Tight city regs hamstring ACRA

Scott Condon

The Aspen Chamber Resort Association claims that city regulations and community standards prevent it from reaping sponsorship dollars.

The chamber has lost about $100,000 in sponsorships from car manufacturers in recent years because it cannot showcase vehicles the way they want to, according to ACRA President Hana Pevny. Automakers want to grab the attention of people strolling the pedestrian malls, but the city won’t allow placement there. Once the car makers discover that, they split, Pevny said.

She also cited restrictions on signs and banners, as well as vending booths, as impediments to cashing in on outside sources.

Losing prospects for those reasons really hamstrings the chamber, Pevny said, because sponsorship opportunities are limited by the fact that most events in Aspen pull in small crowds. Sponsors are typically willing to part with cash in return for exposure of their products to large numbers of people.

The ACRA staff plans to contact other resorts to see if they face restrictions that hurt efforts to sign up sponsors. Pevny said the staff will also survey downtown core businesses to see how they feel about car displays on the pedestrian malls.

She said the ACRA will also continue to talk with the city government about some of the perceived hurdles to sponsorships.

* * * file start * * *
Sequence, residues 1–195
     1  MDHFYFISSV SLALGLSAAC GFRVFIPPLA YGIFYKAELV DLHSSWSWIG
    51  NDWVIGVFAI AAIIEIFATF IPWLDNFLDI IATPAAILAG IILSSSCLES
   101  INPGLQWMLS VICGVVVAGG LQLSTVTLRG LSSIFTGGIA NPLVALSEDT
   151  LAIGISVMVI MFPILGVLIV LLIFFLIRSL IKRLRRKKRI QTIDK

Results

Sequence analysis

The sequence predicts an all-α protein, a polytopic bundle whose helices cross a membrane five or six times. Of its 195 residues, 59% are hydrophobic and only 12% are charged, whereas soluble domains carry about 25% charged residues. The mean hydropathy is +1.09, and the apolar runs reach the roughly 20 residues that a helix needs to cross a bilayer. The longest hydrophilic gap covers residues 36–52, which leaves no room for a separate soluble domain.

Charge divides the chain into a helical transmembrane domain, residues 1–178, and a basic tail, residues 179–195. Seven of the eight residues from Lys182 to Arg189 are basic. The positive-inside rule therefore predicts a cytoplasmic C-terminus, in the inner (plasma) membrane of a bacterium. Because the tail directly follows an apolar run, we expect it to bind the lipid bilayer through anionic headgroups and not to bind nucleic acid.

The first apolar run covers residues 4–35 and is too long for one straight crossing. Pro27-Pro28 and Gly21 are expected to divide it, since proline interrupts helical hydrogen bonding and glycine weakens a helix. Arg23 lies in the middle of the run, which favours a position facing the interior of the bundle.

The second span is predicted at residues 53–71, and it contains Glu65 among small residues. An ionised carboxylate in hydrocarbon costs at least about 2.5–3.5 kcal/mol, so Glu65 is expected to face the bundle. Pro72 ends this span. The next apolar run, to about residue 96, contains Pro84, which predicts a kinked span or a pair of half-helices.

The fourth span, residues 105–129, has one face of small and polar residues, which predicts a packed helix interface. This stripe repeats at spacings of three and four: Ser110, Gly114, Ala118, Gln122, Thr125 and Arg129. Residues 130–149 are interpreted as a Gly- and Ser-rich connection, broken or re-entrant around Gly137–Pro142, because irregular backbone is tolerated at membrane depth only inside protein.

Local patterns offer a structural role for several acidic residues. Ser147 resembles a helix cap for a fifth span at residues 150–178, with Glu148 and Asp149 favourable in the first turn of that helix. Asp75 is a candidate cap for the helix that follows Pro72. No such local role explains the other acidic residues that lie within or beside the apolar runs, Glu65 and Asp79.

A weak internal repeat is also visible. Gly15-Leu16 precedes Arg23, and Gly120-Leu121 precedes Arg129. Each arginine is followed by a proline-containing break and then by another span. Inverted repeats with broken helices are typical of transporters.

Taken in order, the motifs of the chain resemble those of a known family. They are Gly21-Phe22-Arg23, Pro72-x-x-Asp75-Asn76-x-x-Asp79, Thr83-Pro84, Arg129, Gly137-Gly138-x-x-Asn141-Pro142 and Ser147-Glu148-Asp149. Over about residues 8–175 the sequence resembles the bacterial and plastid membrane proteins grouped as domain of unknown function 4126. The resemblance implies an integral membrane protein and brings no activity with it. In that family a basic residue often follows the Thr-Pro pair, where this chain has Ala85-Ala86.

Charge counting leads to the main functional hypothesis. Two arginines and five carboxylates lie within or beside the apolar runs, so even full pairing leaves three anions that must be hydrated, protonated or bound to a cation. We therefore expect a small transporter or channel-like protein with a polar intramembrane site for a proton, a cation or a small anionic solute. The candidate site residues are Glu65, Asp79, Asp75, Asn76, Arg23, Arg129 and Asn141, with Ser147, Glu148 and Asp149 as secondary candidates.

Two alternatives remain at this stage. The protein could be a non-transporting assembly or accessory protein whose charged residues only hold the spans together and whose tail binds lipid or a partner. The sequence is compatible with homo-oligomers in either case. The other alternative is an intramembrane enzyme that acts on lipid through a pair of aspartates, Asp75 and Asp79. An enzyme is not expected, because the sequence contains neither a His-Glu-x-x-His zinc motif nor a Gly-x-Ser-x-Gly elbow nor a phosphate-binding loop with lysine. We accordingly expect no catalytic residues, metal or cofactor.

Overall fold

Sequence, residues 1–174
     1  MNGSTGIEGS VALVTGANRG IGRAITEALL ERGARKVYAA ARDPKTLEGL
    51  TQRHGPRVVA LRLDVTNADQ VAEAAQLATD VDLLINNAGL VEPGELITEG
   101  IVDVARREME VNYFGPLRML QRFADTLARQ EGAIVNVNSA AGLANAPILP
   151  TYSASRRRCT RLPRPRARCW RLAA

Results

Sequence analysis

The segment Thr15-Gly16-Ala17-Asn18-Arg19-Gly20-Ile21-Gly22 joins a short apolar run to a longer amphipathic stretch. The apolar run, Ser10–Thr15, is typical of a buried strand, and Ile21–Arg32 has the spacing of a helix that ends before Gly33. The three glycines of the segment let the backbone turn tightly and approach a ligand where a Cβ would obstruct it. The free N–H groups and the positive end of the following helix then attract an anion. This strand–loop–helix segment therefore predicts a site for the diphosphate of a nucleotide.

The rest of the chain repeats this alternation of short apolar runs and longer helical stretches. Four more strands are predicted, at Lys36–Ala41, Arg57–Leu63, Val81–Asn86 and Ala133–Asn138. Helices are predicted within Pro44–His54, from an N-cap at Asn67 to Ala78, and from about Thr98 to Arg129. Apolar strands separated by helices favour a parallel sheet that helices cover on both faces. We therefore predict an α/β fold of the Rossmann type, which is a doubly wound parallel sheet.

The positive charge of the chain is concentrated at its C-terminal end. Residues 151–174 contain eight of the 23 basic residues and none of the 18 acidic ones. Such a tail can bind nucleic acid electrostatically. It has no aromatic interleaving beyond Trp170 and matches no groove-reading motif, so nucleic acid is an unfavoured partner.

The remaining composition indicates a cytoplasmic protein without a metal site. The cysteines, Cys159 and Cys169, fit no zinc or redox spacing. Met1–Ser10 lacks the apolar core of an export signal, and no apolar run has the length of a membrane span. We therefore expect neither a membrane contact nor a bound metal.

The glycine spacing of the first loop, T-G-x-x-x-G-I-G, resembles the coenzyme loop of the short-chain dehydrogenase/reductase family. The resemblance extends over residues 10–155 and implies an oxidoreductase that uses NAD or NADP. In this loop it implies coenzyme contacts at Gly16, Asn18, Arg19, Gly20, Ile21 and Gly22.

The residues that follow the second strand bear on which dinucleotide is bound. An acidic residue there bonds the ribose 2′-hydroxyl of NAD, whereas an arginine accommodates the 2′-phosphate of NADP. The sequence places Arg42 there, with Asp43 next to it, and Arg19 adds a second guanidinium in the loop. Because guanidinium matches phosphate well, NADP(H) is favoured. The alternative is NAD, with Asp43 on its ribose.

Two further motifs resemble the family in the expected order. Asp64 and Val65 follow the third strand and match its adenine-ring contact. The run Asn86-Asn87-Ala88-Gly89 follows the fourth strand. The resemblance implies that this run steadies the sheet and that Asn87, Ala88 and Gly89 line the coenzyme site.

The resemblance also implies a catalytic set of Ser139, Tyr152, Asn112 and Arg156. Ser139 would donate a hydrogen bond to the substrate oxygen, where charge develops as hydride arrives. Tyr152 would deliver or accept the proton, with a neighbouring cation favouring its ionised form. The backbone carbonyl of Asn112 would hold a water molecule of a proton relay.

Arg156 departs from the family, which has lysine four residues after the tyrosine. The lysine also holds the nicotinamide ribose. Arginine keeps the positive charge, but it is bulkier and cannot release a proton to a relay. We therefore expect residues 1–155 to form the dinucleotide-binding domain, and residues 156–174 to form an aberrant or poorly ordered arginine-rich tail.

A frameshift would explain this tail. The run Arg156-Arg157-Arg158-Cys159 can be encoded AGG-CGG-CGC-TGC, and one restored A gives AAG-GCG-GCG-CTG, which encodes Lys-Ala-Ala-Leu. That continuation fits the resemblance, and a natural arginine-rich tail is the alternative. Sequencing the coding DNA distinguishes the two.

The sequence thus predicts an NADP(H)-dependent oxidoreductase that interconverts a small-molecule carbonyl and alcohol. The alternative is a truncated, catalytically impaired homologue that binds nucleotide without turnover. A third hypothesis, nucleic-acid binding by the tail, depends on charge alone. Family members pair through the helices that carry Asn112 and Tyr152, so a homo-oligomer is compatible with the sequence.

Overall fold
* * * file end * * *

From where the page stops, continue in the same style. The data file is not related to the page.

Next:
The issue last came before the City Council in May, when Pevny asked council members to consider the display of vehicles on the malls. The council opposed the idea, as it had in previous discussions.

“I just don’t see our downtown for sale and I don’t see our downtown becoming an auto dealership,” said Councilwoman Rachel Richards at the time.

“Almost everything is for sale in Aspen, but not our mall space for cars. It’s a little over the top,” Councilman Tim Semrau agreed.

ACRA Board of Directors Chairman Rick Jones was quick to note at a chamber meeting this week that the organization’s relationship with the city “has never been better.” He said the city has demonstrated a willingness to ease regulations to allow events like outdoor concerts on city streets. The city is exploring other ways to return more vitality to the commercial core, as well.

Aspen Mayor Helen Klanderud suggested the ACRA might be having a problem with sponsors because it’s looking in the wrong places. She questioned whether the chamber was relying too much on corporations and outside interests, and not looking locally for backing.

The sponsorship debate is most relevant to Wintersköl, which Aspenites created 54 years ago. The event cost $40,000 to produce last winter ” $20,000 for the fireworks alone.

Pevny said she was still trying to determine if ACRA could put on the fireworks for the Jan. 13-15 event. “We just haven’t received our sponsorships,” she said.

ACRA board members made it clear they want to hold the fireworks. They advised the staff to knock on more doors locally to find the funds.

Scott Condon’s e-mail address is